According to the Standard on April 5, 1910, all sidewalks were then made off limits to bikes, not just certain ones. This law also included motorcycles and even tricycles. Motorcycles were also henceforth required to carry a gong and headlight, to warn others of their approach.
And, the same law meant that cafes and saloons then had to be separate – without connecting doors – or face closure. Each cafĂ©-saloon had two weeks time to remodel, or lose their saloon license.
-The same 1917 story also reported that a man was fined $5 for driving at a reckless speed in his Ford delivery truck, with nine girls as passengers.
-Bicycles had been a controversial form of travel, even in late 19th Century Ogden. “License the bicycle” was a Feb. 7, 1897 editorial in the Standard.
At that time, some 1,000 bicycles (“wheels”) were estimated to exist in Ogden and for a proposed $1 a year license, many road improvements could be done.
-“Kept pigs near his home and is arrested” was a June 1, 1915 Standard headline.
The owner of a fruit and commission store at 2227 Washington Avenue pleaded guilty to charge of maintaining a nuisance – having a number of pigs at the rear of his property. The Italian man said he never intended to keep the pigs long, but a prospective sale of the swine had fallen through.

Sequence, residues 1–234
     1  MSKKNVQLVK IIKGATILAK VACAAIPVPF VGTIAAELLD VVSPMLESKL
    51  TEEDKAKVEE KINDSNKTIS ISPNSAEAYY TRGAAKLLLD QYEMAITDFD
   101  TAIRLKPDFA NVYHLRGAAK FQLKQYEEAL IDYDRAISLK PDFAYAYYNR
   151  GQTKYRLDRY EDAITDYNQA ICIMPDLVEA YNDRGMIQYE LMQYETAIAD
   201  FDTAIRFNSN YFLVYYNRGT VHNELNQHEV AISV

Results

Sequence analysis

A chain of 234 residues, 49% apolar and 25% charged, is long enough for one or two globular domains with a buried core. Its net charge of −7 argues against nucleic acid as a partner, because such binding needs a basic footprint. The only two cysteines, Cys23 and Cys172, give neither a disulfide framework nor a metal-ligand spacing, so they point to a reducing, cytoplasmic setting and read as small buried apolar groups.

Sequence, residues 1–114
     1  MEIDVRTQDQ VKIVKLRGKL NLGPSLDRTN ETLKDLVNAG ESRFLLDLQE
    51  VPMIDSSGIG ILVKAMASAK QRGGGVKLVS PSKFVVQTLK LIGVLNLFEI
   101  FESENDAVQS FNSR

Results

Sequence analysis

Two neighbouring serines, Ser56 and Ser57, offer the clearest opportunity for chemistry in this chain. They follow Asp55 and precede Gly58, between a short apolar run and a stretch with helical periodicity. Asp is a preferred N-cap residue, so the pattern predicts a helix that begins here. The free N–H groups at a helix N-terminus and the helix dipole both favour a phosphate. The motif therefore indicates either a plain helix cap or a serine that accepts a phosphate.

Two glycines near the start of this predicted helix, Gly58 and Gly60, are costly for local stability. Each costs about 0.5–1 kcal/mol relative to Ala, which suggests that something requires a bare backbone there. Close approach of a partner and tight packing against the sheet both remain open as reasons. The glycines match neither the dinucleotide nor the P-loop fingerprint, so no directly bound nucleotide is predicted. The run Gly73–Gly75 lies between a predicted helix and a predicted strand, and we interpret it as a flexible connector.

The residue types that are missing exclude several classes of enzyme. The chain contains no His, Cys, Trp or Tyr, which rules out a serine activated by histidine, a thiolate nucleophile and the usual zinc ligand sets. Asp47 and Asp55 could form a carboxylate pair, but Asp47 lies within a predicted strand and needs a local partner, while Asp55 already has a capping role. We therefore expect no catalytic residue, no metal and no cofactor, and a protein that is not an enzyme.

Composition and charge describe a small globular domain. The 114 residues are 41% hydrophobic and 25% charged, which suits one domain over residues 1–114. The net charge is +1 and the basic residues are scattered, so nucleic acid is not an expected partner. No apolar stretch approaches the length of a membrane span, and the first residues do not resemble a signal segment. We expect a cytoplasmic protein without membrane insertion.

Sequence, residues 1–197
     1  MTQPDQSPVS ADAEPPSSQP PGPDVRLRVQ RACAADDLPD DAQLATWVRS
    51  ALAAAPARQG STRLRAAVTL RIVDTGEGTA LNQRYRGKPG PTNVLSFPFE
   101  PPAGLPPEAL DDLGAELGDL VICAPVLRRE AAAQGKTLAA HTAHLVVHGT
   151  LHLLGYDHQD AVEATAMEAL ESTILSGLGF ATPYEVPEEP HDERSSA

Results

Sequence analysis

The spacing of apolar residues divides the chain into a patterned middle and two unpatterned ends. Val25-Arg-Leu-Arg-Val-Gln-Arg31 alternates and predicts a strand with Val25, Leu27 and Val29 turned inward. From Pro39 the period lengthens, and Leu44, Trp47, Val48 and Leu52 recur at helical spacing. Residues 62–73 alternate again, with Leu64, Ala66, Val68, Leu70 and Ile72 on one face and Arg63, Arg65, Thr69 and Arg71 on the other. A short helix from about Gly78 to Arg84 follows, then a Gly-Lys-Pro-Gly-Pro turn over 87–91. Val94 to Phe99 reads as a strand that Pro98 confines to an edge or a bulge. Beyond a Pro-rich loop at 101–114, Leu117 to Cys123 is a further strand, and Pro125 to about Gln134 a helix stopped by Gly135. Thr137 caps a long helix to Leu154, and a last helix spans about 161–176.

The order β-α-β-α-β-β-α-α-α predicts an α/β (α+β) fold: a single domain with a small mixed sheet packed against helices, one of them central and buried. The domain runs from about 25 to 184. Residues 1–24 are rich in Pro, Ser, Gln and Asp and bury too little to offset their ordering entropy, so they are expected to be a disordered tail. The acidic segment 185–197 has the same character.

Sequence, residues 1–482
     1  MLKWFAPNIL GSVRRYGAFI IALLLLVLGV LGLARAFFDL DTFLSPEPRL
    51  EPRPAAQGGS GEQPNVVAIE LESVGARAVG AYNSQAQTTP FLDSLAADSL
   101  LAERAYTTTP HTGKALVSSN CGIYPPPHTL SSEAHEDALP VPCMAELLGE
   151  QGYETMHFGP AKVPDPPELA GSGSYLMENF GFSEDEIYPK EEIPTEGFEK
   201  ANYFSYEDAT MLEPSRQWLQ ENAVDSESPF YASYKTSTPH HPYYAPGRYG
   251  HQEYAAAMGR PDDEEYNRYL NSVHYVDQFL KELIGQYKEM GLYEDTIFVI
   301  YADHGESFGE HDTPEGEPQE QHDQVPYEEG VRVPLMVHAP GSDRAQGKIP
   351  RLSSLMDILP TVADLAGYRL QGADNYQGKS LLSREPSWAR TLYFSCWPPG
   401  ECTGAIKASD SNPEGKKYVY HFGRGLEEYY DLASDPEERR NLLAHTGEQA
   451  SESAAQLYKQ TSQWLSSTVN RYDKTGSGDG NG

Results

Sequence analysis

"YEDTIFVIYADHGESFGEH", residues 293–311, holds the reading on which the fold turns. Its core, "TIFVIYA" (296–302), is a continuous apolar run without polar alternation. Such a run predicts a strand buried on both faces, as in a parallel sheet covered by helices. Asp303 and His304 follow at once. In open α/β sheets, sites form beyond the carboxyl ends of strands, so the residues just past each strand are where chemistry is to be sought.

(-Originally published on-line and in print in the Ogden Standard-Examiner on June 25-26 by Lynn Arave.)

-NOTE: The author, Lynn Arave, is available to speak to groups, clubs, classes or other organizations about Utah history at no charge. He can be contacted by email at:

Thursday, June 18, 2015

Malan’s Basin almost rose to new heights several times

                              Malan's Basin today, just clearing in the trees.

THE resort at Malan’s Heights in Malan’s Basin (weber County, east of Ogden, Utah) closed at the end of the 1904 summer season but plans were already underway to improve it.